If there is one common denominator that remains imperative when applied to literature and poetry specifically, it is the demonstration of craft. After all, anyone can write a political screed, but that doesn’t mean such a work is well rendered. Rather, to be presented with a skilled mind that has not only put great thought into each line but also has consideration for the reader—well, this makes all the difference. Thankfully, Robert Hayden was this sort of poet and person. An African American who grew up in the slums of Detroit, Michigan, he spoke adamantly of not wanting to neglect his history and experience, nor to be limited by either. Much of his career seemed to involve a need for his own identity—to write what he wanted, rather than what activists might have expected of him. ‘There is no black poetry or white poetry, there is only American poetry,’ Hayden states in this interview, dated March 1975, wherein he also notes his opposition to the way Black writing is presented—that is, as sociological works rather than literature.

Much of Hayden’s poetry found online are his more historical leaning poems involving the Black experience, e.g., “Middle Passage,” “Frederick Douglas,” “The Whipping,” and “The Ballad of Nat Turner,” among others (including his great boyhood classic, “Those Winter Sundays”). However, this essay will not be discussing any of those wonderful poems. Rather, I wish to address those poems involving his more personal experiences, as well as how he used nature observation for his distillation. Why should these fine works be overlooked? Alas, one such poem is “Ice Storm”. […]

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A stylized shot of actor Jesse Plemons wearing fatigues, red sunglasses, and a rifle in Alex Garland's "Civil War".

America Falls Flat: on Alex Garland’s “Civil War” (2024)

Alex Garland’s Civil War has already generated a decent amount of controversy not long into its US release—at least as much as its producers surely intended it to. It is an election year, after all, and with a not unsignificant number of Americans worried about the possibility of there being another civil war on the horizon, it is no wonder A24 would support Garland (the two having previously partnered on his 2022 gender-parable Men) to draw audiences whose grimmer curiosities might be piqued by an English auteur’s take on American self-evisceration, ideological or otherwise. Much of this controversy stems from dissenters’ claims that showing such a film now would be to irresponsibly stoke either viewers’ anxieties or their potential aggressions.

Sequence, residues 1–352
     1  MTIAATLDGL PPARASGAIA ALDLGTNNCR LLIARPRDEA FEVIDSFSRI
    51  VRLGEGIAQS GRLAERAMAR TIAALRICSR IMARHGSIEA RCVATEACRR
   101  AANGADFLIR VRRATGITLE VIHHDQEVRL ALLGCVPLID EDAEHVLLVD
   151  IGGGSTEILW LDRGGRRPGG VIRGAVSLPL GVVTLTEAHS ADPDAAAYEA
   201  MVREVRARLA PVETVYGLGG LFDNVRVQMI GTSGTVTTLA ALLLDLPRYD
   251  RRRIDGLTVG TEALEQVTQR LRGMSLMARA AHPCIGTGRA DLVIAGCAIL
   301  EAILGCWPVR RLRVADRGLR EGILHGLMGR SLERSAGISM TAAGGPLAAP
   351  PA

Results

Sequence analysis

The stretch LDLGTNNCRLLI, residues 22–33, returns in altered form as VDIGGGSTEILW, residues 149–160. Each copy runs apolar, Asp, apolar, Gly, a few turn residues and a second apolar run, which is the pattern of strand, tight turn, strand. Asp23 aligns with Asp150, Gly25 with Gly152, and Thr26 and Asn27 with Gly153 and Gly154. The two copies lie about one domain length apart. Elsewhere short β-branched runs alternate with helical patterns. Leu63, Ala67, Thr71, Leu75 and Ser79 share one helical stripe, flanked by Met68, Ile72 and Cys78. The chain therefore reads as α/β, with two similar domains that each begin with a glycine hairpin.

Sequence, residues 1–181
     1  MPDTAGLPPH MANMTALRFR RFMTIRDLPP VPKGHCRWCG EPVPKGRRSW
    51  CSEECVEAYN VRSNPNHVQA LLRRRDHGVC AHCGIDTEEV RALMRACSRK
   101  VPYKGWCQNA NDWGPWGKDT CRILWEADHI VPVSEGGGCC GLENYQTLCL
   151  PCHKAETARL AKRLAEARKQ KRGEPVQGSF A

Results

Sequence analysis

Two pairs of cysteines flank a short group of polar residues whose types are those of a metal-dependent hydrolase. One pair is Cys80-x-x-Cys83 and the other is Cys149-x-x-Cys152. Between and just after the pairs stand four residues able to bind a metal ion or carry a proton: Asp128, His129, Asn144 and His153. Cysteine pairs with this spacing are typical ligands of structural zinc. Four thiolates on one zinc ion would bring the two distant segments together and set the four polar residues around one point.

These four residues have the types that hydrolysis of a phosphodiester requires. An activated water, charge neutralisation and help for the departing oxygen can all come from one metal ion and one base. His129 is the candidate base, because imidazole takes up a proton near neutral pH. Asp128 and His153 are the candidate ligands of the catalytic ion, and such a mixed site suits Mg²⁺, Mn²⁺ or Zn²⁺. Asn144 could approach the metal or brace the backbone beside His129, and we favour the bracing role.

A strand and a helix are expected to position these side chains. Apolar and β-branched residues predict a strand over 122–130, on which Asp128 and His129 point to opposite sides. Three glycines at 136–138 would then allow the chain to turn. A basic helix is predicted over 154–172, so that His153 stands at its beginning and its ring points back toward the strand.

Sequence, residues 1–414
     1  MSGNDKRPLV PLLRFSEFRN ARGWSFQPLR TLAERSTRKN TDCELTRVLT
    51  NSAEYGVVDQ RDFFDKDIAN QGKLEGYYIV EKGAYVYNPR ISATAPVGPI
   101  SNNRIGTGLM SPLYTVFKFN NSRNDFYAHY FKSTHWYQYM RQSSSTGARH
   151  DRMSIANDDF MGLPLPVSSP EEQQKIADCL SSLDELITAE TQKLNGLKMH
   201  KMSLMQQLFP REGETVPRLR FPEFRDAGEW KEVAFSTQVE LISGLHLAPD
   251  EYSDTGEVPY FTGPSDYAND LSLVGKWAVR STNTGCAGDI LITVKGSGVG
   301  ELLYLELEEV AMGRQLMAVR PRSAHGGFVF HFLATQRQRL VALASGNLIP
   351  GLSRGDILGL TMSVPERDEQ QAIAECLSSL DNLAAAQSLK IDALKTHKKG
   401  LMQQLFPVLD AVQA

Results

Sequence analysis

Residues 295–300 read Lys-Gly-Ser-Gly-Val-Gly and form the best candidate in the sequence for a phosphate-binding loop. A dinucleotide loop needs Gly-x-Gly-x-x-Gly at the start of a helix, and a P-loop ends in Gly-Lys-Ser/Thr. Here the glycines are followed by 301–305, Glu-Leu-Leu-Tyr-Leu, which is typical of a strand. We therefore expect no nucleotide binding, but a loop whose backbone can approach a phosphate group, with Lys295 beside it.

The film, however, for all its purported untimeliness, is too evasive, too pointedly nonpartisan, for these concerns to hold water. The title will likely evoke, for its US audiences, the war between the Union and the Confederacy in the 1860s, but its usage is more about the concept as such than about any particular instantiation. Garland, in simply transplanting the scenes that have played out and are still playing out in stages all across the developing world to the streets of New York City and Pittsburgh and Washington, D.C., seeks to explode any remaining “It Can’t Happen Here” sentiments without committing himself to any specific political stance. Not any, at least, stronger than a traditional, almost nostalgic, belief in the need for our institutions (government, economic structures, the media, etc.) to be safeguarded from the ravages of internecine conflict. […]

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Three side-by-side self-portraits by Jean Siméon Chardin

On Chardin: Greatness in Mediocrity

There’s hardly enough love and understanding for Chardin. It’s not a look that screams ‘genius’ or ‘radicality’. Such might be held against him—his lack of glamour. His ill-preparedness for survival.

Yet Chardin hasn’t been without his share of admirers. The encyclopaedist, Denis Diderot, wrote prolifically on his work. Manet, Braque and Matisse all cite Chardin as a major influence. And Cezanne, in his own typical way, praised him in a letter as an ‘artful devil’.

In life, Chardin was a time-tenured salon academician and businessman, with a permanent residence at the Louvre and a state pension. But he was also, for all his sophistication and studio-training, a functional illiterate who rarely left the city of Paris. There’s little evidence to suggest that he was any kind of intellectual or possessed a coherent aesthetic programme. It would simply appear that he painted what he thought would sell, and what could best showcase his talents. […]